There’s an old saying in the dealmaking community that deals beget deals. And in radio, they don’t come much bigger than last week’s announced merger of CBS Radio and Entercom. That’s raised the unavoidable question of whether the landmark agreement will trigger more industry consolidation. The answer, dealmakers say, is yes—with a few important caveats.

On one hand, the bombshell deal is expected to get group heads to take a closer look at their options. “This will definitely force other owners to at least reconsider their growth strategy,” says Bob Heymann, from the Chicago office of the Media Services Group brokerage. “Anytime you have a transaction of this size it will definitely impact the thinking of the other large group owners. The question is…are these other companies in a financial position to do something even if they actually wanted to?”

Heymann and other brokers and analysts doubt the deal will trigger a wave of consolidation in the upper rung of ownership. “There’s not enough capital to do this type of transaction, especially with Cumulus and iHeart,” says Justin Nielson, senior research analyst, Media & Communications at SNL Kagan. However, he sees the merger as a positive for the overall deal market since it will provide a better understanding of what radio station values are in the current marketplace.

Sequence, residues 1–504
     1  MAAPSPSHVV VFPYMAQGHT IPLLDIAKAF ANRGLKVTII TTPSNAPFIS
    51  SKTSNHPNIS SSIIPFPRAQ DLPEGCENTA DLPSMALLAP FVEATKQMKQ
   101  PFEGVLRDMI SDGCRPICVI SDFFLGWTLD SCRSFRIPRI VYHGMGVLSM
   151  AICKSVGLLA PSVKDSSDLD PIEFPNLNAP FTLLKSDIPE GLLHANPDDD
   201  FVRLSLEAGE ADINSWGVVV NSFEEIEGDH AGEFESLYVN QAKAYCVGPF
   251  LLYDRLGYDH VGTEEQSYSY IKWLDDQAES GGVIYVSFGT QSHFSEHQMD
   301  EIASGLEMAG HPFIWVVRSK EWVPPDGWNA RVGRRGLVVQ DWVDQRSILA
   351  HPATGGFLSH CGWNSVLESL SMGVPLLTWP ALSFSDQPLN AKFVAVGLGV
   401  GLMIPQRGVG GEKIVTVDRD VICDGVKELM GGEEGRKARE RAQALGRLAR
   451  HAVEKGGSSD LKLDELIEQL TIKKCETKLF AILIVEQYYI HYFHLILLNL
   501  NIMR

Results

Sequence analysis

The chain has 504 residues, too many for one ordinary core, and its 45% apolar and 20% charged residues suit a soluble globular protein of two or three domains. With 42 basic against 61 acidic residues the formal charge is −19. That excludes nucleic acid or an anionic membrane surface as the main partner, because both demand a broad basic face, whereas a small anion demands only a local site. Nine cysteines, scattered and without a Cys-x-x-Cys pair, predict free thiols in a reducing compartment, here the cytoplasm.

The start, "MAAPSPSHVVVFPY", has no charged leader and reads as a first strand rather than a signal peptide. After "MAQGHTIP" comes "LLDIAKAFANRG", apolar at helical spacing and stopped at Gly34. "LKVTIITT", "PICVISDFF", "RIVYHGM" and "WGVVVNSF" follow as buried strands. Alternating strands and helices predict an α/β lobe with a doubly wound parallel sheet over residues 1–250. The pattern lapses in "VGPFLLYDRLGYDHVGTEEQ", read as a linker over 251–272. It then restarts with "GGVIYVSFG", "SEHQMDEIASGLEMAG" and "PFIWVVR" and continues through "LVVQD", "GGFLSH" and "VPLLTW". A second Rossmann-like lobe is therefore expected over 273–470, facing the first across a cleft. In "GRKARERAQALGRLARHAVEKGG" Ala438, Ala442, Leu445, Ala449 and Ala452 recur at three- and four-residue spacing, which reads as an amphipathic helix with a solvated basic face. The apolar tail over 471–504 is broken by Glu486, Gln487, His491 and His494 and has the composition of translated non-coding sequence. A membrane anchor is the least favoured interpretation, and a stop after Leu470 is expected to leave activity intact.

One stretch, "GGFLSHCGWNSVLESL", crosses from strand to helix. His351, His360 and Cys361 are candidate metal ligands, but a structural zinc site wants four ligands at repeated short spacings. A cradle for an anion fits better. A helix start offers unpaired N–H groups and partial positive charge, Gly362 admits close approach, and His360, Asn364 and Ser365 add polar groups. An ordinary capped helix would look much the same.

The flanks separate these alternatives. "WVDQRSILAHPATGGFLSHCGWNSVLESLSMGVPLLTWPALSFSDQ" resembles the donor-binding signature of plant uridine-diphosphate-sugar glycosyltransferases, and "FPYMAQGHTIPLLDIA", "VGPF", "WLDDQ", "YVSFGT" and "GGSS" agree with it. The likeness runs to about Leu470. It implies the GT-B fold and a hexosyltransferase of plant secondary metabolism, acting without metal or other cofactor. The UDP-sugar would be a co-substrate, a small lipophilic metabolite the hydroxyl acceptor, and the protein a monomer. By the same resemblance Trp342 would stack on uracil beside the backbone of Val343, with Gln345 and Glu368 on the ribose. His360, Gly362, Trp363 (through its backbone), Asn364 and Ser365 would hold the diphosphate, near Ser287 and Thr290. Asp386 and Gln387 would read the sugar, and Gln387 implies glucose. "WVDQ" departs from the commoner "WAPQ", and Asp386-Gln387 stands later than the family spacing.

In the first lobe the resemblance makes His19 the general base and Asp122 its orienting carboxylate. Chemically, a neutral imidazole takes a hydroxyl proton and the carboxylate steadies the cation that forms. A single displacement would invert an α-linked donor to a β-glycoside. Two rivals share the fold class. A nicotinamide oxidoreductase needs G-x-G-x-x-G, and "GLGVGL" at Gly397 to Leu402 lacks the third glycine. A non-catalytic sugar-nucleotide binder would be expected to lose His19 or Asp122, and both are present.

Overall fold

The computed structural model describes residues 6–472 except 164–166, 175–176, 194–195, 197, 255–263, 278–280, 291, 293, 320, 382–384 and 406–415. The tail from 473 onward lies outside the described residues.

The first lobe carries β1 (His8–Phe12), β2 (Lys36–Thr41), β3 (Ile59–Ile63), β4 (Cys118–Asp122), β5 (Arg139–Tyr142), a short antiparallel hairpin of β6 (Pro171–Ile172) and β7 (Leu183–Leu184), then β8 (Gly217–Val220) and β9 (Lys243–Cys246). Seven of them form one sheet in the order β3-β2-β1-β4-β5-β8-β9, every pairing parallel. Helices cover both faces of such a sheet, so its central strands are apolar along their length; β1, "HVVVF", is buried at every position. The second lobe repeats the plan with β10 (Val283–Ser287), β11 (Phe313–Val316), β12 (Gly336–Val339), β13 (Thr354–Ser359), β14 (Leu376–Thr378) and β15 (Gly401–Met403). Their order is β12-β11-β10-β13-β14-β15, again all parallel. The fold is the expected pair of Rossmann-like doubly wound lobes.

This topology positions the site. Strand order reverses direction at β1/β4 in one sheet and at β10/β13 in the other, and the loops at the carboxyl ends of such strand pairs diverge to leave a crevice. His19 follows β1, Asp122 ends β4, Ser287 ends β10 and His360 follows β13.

“There are people saying that this might be a good time to buy, not necessarily to make the biggest deals but some medium and smaller deals,” says Larry Patrick, president of brokerage Larry Patrick Communications. “It’s going to give some people the encouragement to try to get something done now.”

Patrick says he has observed “more energy coming back into the industry” due to the appointment of Ajit Pai as FCC chairman. Pai, a Republican, is seen as being more sympathetic to broadcast issues than his Democratic predecessor Tom Wheeler. “We’re in a new era of deregulation,” Patrick says, noting that the new chairman has, in very shorty order, begun to make positive policy changes for broadcasters.

At the top of the wish list for many large radio companies would be reworking the subcap limits that dictate how many FMs and AMs an operator can own in a market. “I think as we go through the year, most of the broadcasters and the deal people that want to grow bigger are going to be very pleased with what Pai does,” Patrick says.

While he believes the CBS-Entercom deal puts a “positive spin on the radio deal market,” Nielson believes changes to the FCC’s media ownership rules are needed before there can be a large wave of buying and selling. “I don’t know that this will jump start the consolidation phase unless there is some regulatory loosening of some of the ownership caps,” he says.

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